People of all ages love their toys. And today it’s hard to walk more than a few feet on a busy street without seeing someone tapping away on their smartphone or tablet. But how are we (and should we be?) incorporating the possibilities of this new technology into our education? Michael Crawford, chief technology officer of Educational Measures in Denver, joins us to discuss this issue.
 

From: Scott Kober
To: Cathy Pagano, Michael Crawford
Subject: Incorporating new technologies into educational activities

We recently completed our first iPad-enabled satellite symposium—which went off smoothly in the eyes of our faculty and learners, but not before we had to overcome a number of technological and programming challenges. While it was personally rewarding to see the project successfully through from ideation to completion, there were many, both internally and externally, who asked me afterward, “Was it worth it?” Frankly, I’m not sure.

I do believe that there is some value in using the latest technology within adult education, but I worry that too many folks will use smartphones and tablets within their education merely to showcase the shiny new toy.

Cathy and Mike, you have both been at recent CME activities that showcased new technologies. How have you seen them used both successfully and unsuccessfully?

From: Cathy
To: Scott, Mike

I, too, am skeptical at times about the shiny-toy syndrome. I sat in on a session last year where the audience was so involved in gawking at the iPad and the touch screen that they weren’t paying attention to the faculty. As you said, Scott, it has to be meaningful use. That said, if the designers of the education can accomplish the same effect and outcome with a low-tech option, I would say save your money.

From: Mike
To: Scott, Cathy

While I agree that a low-tech option often makes sense, if a provider can leverage all of the additional functionalities that a tablet provides, the value is very apparent. If you take the time to develop the right application and look past the commercial appeal, the tablet can be used as an educational tool to augment the meeting, not distract from it. Your course materials, audience-response system handset, question card, post-test, evaluation, and much more can all be on one device.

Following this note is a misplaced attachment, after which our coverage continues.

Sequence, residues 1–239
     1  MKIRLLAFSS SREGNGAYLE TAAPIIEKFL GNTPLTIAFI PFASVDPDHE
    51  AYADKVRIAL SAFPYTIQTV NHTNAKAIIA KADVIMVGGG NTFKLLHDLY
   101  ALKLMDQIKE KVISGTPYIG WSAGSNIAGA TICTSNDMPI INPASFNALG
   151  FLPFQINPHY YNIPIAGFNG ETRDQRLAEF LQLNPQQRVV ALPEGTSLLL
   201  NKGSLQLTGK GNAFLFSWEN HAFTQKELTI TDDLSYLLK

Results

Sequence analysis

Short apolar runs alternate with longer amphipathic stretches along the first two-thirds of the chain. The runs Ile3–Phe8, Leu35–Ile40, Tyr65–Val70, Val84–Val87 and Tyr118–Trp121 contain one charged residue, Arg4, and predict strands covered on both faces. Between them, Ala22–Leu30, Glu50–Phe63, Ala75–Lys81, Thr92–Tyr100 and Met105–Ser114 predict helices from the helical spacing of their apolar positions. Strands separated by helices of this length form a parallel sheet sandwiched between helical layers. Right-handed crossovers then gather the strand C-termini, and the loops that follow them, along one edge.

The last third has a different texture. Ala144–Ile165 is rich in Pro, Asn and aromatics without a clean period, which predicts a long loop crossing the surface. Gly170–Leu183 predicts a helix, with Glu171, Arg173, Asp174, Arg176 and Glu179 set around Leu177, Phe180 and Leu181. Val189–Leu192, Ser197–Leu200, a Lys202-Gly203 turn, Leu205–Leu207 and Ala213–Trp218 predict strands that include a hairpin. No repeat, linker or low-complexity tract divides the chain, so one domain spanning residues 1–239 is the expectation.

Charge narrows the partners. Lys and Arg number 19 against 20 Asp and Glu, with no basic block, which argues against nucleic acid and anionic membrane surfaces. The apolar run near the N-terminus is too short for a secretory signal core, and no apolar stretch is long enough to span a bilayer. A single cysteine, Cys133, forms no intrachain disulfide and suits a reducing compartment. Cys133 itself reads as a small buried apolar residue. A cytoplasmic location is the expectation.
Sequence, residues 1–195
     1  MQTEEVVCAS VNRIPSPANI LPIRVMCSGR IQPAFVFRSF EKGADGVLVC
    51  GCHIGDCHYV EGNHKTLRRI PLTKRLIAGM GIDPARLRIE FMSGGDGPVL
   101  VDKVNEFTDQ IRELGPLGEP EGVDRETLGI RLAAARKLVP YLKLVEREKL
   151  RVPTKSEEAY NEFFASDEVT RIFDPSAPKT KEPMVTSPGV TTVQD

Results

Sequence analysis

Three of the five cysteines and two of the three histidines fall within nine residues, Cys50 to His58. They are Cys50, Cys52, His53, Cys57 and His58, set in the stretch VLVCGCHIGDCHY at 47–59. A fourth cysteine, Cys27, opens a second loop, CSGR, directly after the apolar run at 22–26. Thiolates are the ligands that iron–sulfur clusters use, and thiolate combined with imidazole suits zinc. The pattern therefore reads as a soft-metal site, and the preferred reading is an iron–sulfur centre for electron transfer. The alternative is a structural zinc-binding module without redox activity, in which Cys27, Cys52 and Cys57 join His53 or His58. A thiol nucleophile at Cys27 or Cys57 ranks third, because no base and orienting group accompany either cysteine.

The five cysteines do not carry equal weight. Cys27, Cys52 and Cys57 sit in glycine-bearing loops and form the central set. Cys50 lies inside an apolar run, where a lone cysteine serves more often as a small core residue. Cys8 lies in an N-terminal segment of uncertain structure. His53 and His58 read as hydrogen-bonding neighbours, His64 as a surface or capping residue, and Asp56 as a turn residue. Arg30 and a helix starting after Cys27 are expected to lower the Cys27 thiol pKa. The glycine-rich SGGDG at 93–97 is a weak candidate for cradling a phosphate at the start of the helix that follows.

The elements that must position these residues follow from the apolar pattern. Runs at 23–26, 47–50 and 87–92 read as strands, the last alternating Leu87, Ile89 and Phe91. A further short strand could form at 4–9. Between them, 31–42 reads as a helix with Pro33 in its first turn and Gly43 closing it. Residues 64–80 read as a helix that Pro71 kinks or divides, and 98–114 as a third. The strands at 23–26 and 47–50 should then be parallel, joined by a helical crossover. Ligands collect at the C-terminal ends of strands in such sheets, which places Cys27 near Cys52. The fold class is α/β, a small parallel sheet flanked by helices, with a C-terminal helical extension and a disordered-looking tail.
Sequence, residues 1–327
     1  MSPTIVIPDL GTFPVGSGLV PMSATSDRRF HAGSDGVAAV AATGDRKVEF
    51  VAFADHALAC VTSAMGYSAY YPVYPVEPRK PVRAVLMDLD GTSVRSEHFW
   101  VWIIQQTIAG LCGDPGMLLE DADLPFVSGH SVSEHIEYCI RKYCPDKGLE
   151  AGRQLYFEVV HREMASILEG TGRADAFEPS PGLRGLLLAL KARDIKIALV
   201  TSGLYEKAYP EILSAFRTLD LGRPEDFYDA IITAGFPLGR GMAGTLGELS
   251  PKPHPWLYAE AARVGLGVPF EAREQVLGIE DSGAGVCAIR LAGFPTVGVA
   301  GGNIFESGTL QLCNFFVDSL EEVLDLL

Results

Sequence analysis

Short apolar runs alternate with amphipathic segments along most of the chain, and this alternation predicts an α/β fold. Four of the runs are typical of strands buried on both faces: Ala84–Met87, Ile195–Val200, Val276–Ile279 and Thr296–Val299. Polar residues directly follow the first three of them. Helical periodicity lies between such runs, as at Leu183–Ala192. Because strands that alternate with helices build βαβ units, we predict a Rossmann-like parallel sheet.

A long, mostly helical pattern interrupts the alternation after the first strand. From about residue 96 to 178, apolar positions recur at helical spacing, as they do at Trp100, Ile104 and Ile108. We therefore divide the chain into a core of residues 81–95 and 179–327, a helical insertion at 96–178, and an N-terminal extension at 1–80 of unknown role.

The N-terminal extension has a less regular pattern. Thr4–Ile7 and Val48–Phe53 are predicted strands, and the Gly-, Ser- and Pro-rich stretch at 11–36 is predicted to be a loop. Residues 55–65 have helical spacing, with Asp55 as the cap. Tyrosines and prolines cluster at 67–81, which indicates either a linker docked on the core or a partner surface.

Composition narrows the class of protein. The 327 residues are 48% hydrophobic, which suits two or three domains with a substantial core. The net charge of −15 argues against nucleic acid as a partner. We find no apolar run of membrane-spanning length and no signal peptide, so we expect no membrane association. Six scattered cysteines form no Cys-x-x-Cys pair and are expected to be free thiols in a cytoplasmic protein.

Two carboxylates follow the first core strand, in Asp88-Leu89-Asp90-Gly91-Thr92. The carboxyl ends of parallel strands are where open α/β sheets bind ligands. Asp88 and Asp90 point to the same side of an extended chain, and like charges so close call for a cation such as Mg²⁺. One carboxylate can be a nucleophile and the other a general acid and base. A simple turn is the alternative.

I can remember the days when ARS were viewed in the same manner as tablets are today. It would take 12 hours to hard-wire the room and cost 10 times what it does now. If you could afford to have the technology, then you were viewed as being cutting-edge. Once the novelty of tablets wears off and the pricing falls in line, some type of tablet technology, either provided by the organizers or done on one’s personal tablet, will become the norm.

From: Scott
To: Mike, Cathy

I think you need to be careful, though, about building too many capabilities into the tablets. I know we had a few people at our symposium who looked at us as if we were handing them a spaceship when we put an iPad into their hands. Certainly, as the technology becomes more widespread, you’ll see this less and less, but there is still a reasonable segment of society that has never held a tablet and probably won’t, therefore, be able to easily access all of tools you want them to.

From: Cathy
To: Scott, Mike

Scott’s right (it’s rare, but every now and then he is) in that the new generation of learners will expect that some form of technology will be utilized in educational activities. I remember back in the day when I was on the board of education, and we were raising funds to get new computers into the classrooms. The teachers went wild. They were petrified, especially when we told them not to worry, that the kids all knew how to operate the computers.

From: Scott
To: Mike, Cathy

I’m sure it was the same reaction your parents had when they were told their sweet little Cathleen wouldn’t have to bring her abacus to school anymore and could rely on that newfangled thing called “the calculator.”

But I digress. Back to a more relevant topic: What are some other common pitfalls CME providers need to keep in mind when considering the introduction of tablets or other types of new technology into the core of their live education?

From: Mike
To: Scott, Cathy

Here are a few key items we always discuss with our clients:
1. How will the tablets be distributed and collected? Loss and damage are major concerns.
2. How soon will we receive the content for the meeting? We have flexibility, but with any new technology, the more time you have to test, the better.
3. What functionalities do you want? You want to use what your learners need, but don’t overwhelm them. Once they are frustrated and put the device down, you most likely have lost them for the duration of the activity.
4. On the flip side, you don’t want your attendees to be so involved with the device that they are not listening to the speakers.
5. Make sure the moderators and faculty promote the technology and use it.
6. You will have attendees arriving early and leaving late. Why not use the devices to collect more data or promote upcoming activities?

From: Scott
To: Mike, Cathy

I think these are excellent suggestions, Michael. Maximizing the use of tablet technology both to generate additional data and to maximize the learner experience are both vital to their successful use.

It’ll certainly be interesting to see how tablet use evolves in the coming years.

Cathy Pagano, CCMEP, is president and Scott Kober, CCMEP, is director of content development at the Institute for Continuing Healthcare Education in Philadelphia. Michael Crawford is chief technology officer of Educational Measures in Denver.

Related Article:

8 Things You Need to Know About iPads and Meetings

Other Columns By Scott and Cathy:

How to Handle Scope Changes

What to Do When Marketing and Education Meet